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Cicero's Pro Archia Notes

Classics Notes > Latin Literature of the 1st Century AD Notes

This is an extract of our Cicero's Pro Archia document, which we sell as part of our Latin Literature of the 1st Century AD Notes collection written by the top tier of University Of Oxford students.

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How would you judge Cicero's line of defence in the Pro Archia?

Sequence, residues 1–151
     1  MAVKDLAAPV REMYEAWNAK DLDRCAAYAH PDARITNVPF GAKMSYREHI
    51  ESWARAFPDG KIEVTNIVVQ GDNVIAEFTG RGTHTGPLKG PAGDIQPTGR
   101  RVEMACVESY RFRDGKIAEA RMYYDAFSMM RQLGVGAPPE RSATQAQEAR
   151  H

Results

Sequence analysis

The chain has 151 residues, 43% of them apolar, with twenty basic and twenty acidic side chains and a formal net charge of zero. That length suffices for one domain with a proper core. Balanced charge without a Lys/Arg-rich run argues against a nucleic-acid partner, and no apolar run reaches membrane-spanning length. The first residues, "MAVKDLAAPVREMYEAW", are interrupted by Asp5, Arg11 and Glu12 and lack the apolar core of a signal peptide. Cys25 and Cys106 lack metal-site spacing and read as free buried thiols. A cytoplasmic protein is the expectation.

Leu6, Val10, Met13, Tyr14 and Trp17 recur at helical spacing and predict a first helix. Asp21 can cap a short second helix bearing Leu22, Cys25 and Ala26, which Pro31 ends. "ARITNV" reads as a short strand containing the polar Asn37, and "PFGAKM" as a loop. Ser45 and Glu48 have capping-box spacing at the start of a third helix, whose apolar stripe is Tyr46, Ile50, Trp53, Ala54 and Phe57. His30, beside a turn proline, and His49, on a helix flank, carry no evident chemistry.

Cicero wrote and delivered this speech in 62 BC in order to try and secure the roman citzenship of a Greek born poet named Archias; it is unclear whether he won or lost the case but what is known is that Cicero's hopes that this man would commemorate his consulship in verse were in vain. In many ways this is a very unusual speech and is unlike the rest of his corpus of forensic oratory; his argument is weak on legal evidence and instead he relies on an elegant and decoratve treatse on the virtues of poetry and poets. He structures the speech around two key arguments, frstly that his client satsfes the legal requirements of Roman citzenship and secondly that even if he did not he should be made a citzen, so great is his genius and the advantages he would bring to Rome because of his talents in poetry. "I shall demonstrate that not only should Aulus Licinius (note he uses his Roman names rather than his Greek here) not be struck from the number of citzens, since he is one, but that even if he were not, he ought to have been added to it" (4). In the very last secton of the speech Cicero confdently states that although he has spoken only very briefy and simply on the technicalites of the case, as he puts it, he is sure that he has proven them. The brevity with which he dispatches these legal arguments (they are dealt with by chapter twelve and never returned to again) despite the fact that they are surely the crux of his defence could imply that they are very weak, requiring Cicero to skate over them quickly and use his elegance to persuade the jury rather than prove his case with facts. Cicero's legal defence of Archias centres around the citzenship that he was awarded in the city of Heraclea and because this town enjoyed full treaty rights this also made the poet a Roman citzen. He then goes as far as to cite the actual law that makes this legal, "the citzenship is given, under the law of Silvanus and Carbo, to those who have been awarded citzenship in federate states, who are domiciled in Italy at the tme of this law's being passed and have announced themselves to a praetor within sixty days" (7). He then shows that Archias has followed this law to the leter by reportng to the praetor Quintus Metellus, by being domiciled in Rome for the required amount of tme and by presentng himself whenever he required. Although there is no documentary proof of his enrolment, since the public records of Heraclea were burned in the Italian War, he says that he has sworn testmony from the Heraclean ambassadors and Marcus Lucullus, a very honourable man, who took part in the grantng of citzenship to Archias. Cicero then challenges the prosecutor directly and asks him what other legal requirements Archias must satsfy and what other evidence could possibly be provided to further prove his right to the citzenship. Even though these legal issues are dealt with briefy the argument is very succinct and Cicero certainly makes it seem that the requirements are easily met; the fact he cites the relevant law and then provides strong evidence to show that it has been adhered to certainly makes it seem like it is an open and shut case with regard to legality. Whether there are any laws which would confict with the partcular one he cites with regard to resident aliens on which the prosecuton would later rely is unknown but if Cicero is not being misleading on this point, something which seems unlikely given his brevity, then it is the legal case of the

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